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A slice of the epic

The tragic tale of Aravan offers theatre immense scope for interpretation. KAUSALYA SANTHANAM writes on the attempt by Moondram Arangam.



Aravan ... arresting ambience.

ARAVAN IN the Mahabharata is a figure who represents rejection and exploitation. The son of Arjuna and the Naga princess Ulupi, he is not given his due as a prince. But just before the Kurukshetra war begins, he is a victim of expediency, chosen to be sacrificed to ensure the Pandavas' success. A brave warrior and a flawless youth, he volunteers for the sacrifice but wishes to marry before he dies. Aravan also wants to see the progress of the war after his death. As nobody is willing to come forward to marry him, Krishna takes the form of a woman and spends the night with him.

The story offers numerous possibilities for dramatisation. It has become a popular theme in the parallel theatre scene in the city as it lends itself to psychological interpretations. The story also helps interpret the inequities in society on a class and caste basis, for Ulupi was a tribal princess. Moondram Arangam presented ``Aravan," written by S. Ramakrishnan, at the Alliance Francaise recently. The play carried forward the theme from Na. Muthuswamy's brilliant ``Padukalam."

Moondram Arangam's production, directed by K.S. Karuna Prasad, was staged in the open air space behind the building and only when you groped your way there did you realise why the play had been shifted there. A huge lighted container was suspended from a wire ropeway and flaming torches were stuck between poles placed at various intervals. The effect was sombre yet arresting. But throughout the intense solo performance there was a sense of anxiety as the actor performed surrounded by the flames and as he was often directly under the burning vessel. Karuna Prasad threw himself heart and soul into the role and sustained the monologue. As Aravan introspects on his fate and is caught in the flames of desire, he sees a strange sight — a woman who tempts him and yet resembles Krishna. Having slaked his desire he is beset with doubts and questions. The actor's training as a member of the Koothu-p-pattarai was evident in these scenes. The sorrowful beat of the drum accentuated the pathos though the effect was diluted by a fellow artiste entering bucket in hand and dousing the fire.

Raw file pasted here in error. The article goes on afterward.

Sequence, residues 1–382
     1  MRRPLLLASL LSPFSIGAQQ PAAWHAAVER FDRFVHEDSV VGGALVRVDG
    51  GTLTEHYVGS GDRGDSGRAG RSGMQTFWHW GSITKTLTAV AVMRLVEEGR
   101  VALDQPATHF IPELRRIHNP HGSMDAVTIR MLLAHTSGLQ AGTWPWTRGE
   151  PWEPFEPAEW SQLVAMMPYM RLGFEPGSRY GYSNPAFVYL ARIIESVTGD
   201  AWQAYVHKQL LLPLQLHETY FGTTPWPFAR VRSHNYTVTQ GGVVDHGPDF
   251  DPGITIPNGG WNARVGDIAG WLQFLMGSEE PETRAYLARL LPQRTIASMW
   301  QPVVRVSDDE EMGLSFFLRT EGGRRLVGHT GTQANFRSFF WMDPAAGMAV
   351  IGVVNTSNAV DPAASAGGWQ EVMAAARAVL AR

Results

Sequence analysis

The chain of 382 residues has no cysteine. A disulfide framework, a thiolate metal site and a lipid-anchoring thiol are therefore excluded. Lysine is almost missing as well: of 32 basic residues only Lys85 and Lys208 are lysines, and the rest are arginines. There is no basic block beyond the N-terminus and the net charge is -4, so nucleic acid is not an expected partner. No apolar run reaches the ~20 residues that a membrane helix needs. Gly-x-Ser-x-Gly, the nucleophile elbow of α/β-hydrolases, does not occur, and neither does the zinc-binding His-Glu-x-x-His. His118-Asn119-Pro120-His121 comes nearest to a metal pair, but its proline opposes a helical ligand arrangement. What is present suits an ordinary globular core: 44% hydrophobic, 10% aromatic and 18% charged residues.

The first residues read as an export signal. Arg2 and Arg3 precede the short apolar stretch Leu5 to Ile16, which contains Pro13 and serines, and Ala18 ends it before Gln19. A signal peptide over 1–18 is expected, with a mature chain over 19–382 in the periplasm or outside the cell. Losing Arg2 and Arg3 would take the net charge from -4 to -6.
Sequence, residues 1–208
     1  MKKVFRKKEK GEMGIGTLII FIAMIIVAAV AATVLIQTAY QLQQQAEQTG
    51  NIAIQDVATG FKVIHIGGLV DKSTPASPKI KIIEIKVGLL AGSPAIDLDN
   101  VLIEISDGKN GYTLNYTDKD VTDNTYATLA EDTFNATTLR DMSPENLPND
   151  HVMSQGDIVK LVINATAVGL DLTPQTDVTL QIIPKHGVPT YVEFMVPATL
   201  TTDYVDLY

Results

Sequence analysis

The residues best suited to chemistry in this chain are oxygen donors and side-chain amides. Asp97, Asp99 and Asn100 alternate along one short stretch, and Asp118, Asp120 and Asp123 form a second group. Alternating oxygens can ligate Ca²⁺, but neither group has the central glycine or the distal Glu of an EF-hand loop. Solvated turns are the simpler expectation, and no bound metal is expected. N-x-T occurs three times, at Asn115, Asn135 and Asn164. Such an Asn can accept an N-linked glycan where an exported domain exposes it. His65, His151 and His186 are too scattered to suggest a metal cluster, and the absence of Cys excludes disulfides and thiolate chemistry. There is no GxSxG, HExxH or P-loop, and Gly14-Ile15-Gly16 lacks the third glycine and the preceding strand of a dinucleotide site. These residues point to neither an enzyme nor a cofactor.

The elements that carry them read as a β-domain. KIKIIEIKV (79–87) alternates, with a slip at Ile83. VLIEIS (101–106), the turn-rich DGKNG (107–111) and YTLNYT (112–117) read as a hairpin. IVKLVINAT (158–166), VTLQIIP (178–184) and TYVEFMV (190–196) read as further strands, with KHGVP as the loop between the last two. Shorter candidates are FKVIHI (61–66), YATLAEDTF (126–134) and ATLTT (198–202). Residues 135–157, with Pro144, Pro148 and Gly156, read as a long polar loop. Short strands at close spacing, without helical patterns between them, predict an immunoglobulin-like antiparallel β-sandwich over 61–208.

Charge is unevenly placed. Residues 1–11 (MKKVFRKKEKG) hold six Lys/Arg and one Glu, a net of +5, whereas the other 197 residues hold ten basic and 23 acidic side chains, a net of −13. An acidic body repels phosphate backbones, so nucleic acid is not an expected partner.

The latter half dealt with Aravan being sacrificed and his thoughts as he roams about, severed head in hand. He sees a woman weeping and realises it is Krishna lamenting over his death. Aravan reflects on the unchanging human scenario — those in power plot and kill on the pretext of doing so for the welfare of their family or society. But unlike the original version, Aravan here is reluctant to die and rails at fate and the machinations of the well born and privileged. The first half seemed a well meaning but rather self-indulgent exercise while the second half had the questions and the answers. The scenes of the actor clothed in palm leaf carrying his severed had an impact but the sight was quite gory especially for the children present.

The change of venue had the actor as well as the audience at a disadvantage. As Aravan writhed and rolled on the ground in agony, he could not be seen by the audience seated at the same level and they had a tough time craning their necks to follow the action Yet it speaks of the actor's dedication and the power of the theme that the small gathering stayed riveted by the horror and the implications of the Aravan tale.

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